Despite President Piñera's social turn, the main Chilean labor and student organizations are calling for a general strike on Wednesday and Thursday condemning the deployment of the armed forces.
"Long live the strike! We say it loud and clear: enough price increases and abuses! "tweeted Tuesday evening the Unitary Workers' Central (CUT), the main trade union confederation of Chile. Twenty other workers 'and students' organizations are calling Wednesday, October 23 and Thursday, October 24, despite the measures proposed by President Sebastian Piñera, for a general strike that threatens to fuel the violent social crisis that has killed 15 people for six days. They condemn the presidential decision to impose a state of emergency on most of the country, to resort to a curfew and to involve the armed forces. Some 20,000 military and police officers have been deployed.
Chile has known since Friday its worst violence for some thirty years, linked to an explosion of social anger. Demonstrations and looting left fifteen dead, including a Peruvian and an Ecuadorian. Nine of the country's sixteen regions are under state of emergency. "We call on the government to restore the democratic institutional order, which means in the first place the abandonment of the state of emergency and the return of the military to their barracks", say these movements in a statement released Tuesday. This is the first time that soldiers have been patrolling the streets since the end of the dictatorship of General Augusto Pinochet (1973-1990).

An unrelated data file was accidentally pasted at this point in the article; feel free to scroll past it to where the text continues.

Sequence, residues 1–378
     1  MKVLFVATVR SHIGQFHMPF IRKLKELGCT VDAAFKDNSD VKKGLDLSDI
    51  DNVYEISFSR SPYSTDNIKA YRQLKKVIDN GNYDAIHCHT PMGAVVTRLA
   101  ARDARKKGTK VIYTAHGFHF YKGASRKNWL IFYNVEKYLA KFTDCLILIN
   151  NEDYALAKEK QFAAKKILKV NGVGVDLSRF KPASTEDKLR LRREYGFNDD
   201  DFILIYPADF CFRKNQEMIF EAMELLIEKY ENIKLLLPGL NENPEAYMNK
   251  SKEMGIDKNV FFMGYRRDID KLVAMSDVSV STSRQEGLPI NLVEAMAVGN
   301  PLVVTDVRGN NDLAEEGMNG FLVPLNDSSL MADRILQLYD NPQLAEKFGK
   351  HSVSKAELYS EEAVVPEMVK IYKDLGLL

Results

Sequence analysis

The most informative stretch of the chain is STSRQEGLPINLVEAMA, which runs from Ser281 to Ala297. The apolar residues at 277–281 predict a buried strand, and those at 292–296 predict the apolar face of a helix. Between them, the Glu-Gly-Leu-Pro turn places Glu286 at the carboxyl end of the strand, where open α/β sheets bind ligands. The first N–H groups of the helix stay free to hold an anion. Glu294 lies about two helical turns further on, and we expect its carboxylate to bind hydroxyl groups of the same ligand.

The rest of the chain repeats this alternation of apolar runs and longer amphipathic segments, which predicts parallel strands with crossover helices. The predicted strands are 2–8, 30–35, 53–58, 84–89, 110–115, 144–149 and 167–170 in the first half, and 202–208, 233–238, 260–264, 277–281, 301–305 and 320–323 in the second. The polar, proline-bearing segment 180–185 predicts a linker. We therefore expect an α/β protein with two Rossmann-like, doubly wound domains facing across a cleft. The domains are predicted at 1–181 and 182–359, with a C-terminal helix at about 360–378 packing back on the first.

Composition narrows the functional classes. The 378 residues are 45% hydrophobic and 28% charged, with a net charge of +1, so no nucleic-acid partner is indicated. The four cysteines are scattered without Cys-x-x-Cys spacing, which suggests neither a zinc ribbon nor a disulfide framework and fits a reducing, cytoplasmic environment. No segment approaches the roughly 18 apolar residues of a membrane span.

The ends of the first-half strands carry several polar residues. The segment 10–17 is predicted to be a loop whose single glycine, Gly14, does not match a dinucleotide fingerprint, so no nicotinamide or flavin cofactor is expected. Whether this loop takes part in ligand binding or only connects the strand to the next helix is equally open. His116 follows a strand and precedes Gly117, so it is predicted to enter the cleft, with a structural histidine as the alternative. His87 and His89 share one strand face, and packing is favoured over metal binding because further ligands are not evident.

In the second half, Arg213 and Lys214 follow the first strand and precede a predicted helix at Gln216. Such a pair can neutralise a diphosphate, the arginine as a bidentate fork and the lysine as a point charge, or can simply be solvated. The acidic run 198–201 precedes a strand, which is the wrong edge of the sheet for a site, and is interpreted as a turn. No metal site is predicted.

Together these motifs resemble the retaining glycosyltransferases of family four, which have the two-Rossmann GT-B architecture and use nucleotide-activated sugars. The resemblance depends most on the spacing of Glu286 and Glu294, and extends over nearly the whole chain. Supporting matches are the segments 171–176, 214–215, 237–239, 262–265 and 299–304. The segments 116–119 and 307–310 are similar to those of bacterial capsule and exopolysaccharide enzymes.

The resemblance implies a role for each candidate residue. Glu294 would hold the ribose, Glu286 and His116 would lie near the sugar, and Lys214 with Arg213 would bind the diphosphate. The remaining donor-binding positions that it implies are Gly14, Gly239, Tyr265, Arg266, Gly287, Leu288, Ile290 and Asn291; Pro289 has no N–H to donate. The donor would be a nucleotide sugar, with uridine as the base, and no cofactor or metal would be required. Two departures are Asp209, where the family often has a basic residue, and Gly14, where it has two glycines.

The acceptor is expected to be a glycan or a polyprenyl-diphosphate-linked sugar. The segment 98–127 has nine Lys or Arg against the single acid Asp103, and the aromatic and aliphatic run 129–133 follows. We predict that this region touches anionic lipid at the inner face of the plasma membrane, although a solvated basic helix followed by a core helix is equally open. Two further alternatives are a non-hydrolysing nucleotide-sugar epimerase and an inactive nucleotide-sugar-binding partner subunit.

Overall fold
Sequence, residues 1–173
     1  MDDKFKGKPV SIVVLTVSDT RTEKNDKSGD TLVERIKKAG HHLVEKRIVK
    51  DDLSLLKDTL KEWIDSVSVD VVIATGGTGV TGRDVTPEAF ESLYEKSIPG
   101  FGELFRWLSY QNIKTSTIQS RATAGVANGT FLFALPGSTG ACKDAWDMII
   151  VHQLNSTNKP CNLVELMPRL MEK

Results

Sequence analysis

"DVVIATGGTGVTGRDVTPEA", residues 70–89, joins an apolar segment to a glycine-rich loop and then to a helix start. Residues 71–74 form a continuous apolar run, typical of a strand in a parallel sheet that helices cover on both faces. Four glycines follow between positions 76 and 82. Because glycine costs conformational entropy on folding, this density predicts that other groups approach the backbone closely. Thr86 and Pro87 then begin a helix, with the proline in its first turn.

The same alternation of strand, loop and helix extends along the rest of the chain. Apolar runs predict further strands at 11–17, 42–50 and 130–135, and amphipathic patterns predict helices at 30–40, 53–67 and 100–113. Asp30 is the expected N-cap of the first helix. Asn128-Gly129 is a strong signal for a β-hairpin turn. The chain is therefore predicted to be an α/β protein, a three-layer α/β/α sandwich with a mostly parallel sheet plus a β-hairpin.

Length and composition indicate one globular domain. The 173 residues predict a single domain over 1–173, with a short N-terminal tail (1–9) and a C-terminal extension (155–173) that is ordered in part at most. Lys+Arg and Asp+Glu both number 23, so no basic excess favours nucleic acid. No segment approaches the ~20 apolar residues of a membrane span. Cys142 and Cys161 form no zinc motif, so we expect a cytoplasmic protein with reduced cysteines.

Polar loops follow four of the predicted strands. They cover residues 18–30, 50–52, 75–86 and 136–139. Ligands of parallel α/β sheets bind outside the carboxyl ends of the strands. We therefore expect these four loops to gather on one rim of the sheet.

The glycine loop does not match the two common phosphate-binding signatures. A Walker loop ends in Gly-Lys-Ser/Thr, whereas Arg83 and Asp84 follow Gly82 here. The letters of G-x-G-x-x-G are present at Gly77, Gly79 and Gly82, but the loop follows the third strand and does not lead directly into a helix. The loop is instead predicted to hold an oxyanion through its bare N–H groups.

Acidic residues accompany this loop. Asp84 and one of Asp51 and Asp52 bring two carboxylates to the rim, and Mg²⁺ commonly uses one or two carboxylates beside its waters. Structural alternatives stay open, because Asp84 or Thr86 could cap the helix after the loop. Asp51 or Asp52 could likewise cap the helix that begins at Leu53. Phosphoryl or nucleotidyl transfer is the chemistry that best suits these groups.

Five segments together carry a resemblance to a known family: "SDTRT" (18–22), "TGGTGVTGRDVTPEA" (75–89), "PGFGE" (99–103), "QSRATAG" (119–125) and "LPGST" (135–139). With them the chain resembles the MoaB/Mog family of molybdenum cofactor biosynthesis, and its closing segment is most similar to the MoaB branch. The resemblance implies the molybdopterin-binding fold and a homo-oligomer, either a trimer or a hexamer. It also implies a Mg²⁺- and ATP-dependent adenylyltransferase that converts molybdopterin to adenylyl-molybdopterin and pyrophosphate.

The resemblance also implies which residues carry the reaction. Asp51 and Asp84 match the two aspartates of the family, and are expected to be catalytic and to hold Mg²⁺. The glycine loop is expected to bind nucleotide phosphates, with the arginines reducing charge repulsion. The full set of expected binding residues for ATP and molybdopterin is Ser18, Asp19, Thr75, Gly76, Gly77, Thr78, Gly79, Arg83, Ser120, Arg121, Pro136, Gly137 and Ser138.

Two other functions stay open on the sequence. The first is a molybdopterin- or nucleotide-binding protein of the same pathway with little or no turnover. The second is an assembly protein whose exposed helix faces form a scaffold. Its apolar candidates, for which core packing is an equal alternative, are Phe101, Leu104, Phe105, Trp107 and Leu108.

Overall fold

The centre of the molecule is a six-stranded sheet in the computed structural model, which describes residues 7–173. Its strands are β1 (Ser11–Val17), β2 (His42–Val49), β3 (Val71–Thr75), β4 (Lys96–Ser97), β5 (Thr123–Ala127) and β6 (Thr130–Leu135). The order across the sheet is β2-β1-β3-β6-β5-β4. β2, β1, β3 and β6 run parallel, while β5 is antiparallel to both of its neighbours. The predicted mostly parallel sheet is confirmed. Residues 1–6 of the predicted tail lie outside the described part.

In Santiago, the protest will leave Plaza Italia, in the heart of the capital, where hundreds of thousands of Chileans have been demonstrating since Friday. The powerful copper mining unions – of which Chile is the world's largest producer – as well as workers in the health sector and ports have joined the movement.
Major social movement
The announcement of a 3.75% increase in the price of the metro ticket, suspended since then, sparked the first demonstrations, which then became a major social movement fueled by anger at the socio-economic situation and inequalities. In this country of eighteen million people praised for its economic and political stability, access to health and education is almost entirely the private sector.
The conservative president, Sebastian Piñera, took a social turn Tuesday, after a meeting with the political forces of the country to which the Socialist Party, main opposition party, refused to participate as well as other parties of the Frente Amplio ("Broad Front", left) and the radical left. Mr Piñera proposed measures such as the 20% increase in the minimum pension and the freezing of electricity tariffs or an increase in the minimum wage. He also proposed a reduction in the salaries of parliamentarians and senior civil servants, coupled with the decline in the number of parliamentarians and a reduction in the number of their successive terms.
Recognizing that he did not anticipate the social explosion, he asked " sorry " to his compatriots. A dramatic change of tone on the part of the one who considered Sunday Chile as "At war with a powerful enemy". But trade unionists demand of the government a social agenda prepared jointly to serve as a basis for a final exit from the crisis.
Santiago and dozens of other cities spent their fourth night under a state of emergency. Hundreds of Chileans living in other countries, such as Argentina, France or Spain, have organized demonstrations to support the Chilean movement. According to a report from the National Institute of Human Rights (NHRI), five people died in clashes with police, 269 were injured, 137 by firearms and about 1,900 were arrested. The other dead people died during fires and looting, according to the authorities.